But he was exhausted and coming due for his medicine, and he had to turn around and swim another 50 meters less than 15 minutes later!
Another neat thing that happened that night was definitely a “God moment.” Our pool always has a DJ at our meets. Normally, I’m not crazy about this, as it adds significantly to the noise and chaos of meets. It can also be distracting to Ezra, who can get very caught up in the music instead of doing what he needs to do. That said, Ezra loves to request songs. Earlier in the evening, Ezra requested the song Lightning by The Afters. It’s an upbeat, pop-escque song about salvation that came on my workout playlist while I was at the gym a few months ago. It’s a song I let him listen to for motivation while he unloads the dishwasher.
To my knowledge, the DJ had no idea who requested the song (as it was a written request submitted far ealier in the evening). But it “just so happened” that the song began playing while he was on the deck, dancing along, preparing for his leg of the relay. It was still playing when he jumped into the pool.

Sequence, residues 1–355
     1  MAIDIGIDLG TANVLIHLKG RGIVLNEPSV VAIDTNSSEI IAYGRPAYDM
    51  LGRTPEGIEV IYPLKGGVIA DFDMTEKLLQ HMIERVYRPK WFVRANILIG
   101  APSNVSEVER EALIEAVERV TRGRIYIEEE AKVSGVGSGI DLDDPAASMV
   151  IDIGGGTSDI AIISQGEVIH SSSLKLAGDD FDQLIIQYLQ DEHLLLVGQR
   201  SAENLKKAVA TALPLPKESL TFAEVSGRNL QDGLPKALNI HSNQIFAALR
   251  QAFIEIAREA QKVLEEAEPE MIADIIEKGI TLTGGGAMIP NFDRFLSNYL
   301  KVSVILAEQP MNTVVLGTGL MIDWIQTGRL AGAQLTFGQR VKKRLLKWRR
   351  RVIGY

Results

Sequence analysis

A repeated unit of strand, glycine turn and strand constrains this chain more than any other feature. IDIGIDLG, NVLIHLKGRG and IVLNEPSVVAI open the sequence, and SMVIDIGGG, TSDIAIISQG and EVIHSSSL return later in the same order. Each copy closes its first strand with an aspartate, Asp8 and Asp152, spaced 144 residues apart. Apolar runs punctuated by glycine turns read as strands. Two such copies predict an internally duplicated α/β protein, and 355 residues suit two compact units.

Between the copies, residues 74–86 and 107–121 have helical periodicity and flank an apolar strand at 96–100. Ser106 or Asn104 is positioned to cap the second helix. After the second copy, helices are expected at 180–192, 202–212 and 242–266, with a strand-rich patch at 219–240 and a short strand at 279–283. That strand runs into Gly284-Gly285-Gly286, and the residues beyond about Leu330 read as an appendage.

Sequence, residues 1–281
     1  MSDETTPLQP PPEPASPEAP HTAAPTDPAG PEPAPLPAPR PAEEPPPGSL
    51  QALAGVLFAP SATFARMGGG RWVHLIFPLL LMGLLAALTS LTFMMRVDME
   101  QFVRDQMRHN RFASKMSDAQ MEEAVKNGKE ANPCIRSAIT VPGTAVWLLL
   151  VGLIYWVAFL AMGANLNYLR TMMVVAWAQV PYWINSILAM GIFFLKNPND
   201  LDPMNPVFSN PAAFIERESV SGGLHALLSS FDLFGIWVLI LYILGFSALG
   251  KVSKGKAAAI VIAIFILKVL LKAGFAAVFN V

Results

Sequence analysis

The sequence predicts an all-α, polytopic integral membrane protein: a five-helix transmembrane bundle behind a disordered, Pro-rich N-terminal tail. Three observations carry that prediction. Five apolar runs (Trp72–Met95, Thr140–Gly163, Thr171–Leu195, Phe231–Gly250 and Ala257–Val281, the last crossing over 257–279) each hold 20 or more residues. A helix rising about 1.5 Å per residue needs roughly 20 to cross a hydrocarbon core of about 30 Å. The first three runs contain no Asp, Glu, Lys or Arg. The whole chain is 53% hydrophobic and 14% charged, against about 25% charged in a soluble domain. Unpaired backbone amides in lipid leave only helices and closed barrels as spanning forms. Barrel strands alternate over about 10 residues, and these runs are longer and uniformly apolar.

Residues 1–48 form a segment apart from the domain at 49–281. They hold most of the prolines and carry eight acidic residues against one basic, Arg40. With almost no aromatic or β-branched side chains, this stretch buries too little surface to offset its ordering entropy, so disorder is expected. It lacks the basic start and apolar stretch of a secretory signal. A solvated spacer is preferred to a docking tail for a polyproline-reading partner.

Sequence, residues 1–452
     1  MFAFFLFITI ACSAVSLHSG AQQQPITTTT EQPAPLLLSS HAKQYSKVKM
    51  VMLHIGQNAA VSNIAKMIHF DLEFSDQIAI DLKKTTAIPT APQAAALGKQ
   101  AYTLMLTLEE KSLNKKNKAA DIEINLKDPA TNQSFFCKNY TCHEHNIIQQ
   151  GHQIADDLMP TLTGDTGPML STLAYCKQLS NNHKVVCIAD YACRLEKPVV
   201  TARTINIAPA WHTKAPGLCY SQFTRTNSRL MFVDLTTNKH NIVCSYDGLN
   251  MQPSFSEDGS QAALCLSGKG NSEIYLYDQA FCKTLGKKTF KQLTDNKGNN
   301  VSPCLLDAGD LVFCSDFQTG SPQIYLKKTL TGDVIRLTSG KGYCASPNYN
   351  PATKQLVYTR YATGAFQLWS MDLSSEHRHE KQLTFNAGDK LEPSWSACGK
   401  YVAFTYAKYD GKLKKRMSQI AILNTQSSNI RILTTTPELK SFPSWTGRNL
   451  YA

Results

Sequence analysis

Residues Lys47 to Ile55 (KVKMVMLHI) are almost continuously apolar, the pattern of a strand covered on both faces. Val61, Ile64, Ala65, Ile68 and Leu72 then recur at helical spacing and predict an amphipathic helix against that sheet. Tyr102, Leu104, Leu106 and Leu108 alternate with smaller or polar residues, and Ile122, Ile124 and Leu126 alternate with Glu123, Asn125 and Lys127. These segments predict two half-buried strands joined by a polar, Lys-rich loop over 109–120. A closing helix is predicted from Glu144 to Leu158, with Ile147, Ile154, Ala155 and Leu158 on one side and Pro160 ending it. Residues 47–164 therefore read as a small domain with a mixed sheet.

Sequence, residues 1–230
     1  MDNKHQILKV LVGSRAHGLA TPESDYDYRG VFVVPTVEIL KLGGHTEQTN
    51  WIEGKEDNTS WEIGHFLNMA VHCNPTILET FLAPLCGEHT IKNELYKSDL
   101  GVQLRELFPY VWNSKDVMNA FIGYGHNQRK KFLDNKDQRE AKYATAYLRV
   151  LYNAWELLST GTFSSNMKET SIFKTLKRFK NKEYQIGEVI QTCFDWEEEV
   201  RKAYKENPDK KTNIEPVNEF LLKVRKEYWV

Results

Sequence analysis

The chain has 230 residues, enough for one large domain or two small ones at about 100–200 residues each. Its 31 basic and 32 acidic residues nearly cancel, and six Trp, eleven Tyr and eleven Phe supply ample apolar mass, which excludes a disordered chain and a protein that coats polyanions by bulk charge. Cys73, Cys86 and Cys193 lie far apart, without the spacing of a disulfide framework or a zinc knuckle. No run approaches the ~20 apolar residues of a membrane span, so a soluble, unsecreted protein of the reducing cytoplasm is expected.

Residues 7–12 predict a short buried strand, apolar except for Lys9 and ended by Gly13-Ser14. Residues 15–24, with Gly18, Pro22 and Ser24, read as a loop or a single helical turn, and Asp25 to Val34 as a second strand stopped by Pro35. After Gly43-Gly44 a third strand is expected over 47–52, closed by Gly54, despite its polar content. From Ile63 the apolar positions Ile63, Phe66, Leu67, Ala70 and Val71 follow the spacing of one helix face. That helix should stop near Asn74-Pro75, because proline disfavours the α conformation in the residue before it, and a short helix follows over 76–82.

You came like lightning and saved my soul
Run in like thunder and shook my bones
Now I’m dancing in the rain
Since You called out my name
You came like lightning and saved my soul
It’s also apropos because (on top of being Ezra’s favorite song), it matches his Typhoons team slogan:
BIG STORM RISING: thunder on the deck, lightning in the pool
If you had asked after the first two weeks of the season if I would put my kids in swim team again, I would have laughed and said, “Absolutely not. It’s just too much.” But my tone gradually changed as the weeks have gone on.
So, here’s a few things that I learned and enjoyed about being a swim team mom (albeit, a reluctant one).
Our family is resilient and has grown in our capabilities.
As we progressed through the season, each meet got better and better. Our last home meet had to be rescheduled once again, due to a downpour, but the boys had a blast playing in the rain.